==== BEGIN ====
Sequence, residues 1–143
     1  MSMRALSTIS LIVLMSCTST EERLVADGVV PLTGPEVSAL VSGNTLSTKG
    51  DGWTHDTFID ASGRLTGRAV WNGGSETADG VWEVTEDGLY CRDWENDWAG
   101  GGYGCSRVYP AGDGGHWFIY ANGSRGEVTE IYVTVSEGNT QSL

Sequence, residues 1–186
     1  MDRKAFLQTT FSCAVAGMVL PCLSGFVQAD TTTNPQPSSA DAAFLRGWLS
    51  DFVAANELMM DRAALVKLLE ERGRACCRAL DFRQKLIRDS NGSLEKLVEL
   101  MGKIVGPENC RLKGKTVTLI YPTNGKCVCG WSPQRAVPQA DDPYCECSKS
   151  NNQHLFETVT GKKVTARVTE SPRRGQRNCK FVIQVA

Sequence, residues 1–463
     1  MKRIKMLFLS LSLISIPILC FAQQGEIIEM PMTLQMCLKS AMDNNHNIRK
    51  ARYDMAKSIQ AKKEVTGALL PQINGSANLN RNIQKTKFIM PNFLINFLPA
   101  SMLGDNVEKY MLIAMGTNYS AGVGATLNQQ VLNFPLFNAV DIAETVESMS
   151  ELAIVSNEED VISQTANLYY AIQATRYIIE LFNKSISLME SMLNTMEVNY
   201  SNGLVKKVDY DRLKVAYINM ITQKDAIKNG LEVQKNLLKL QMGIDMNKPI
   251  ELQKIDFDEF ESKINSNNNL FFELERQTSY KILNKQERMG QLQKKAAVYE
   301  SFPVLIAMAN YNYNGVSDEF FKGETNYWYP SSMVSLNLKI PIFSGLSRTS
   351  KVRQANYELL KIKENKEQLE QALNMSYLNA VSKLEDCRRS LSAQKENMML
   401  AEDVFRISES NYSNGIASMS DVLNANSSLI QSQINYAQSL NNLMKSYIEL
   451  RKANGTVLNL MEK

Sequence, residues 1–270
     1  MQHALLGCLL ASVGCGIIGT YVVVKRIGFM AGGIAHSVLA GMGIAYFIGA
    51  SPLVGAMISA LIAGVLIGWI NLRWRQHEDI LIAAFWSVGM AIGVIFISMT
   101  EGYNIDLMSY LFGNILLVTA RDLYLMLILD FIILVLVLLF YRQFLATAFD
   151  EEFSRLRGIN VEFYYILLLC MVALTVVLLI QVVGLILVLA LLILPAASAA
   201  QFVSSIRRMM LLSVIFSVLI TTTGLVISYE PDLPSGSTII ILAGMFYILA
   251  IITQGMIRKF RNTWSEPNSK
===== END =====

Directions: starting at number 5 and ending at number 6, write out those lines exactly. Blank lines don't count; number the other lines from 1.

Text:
Sequence, residues 1–186
     1  MDRKAFLQTT FSCAVAGMVL PCLSGFVQAD TTTNPQPSSA DAAFLRGWLS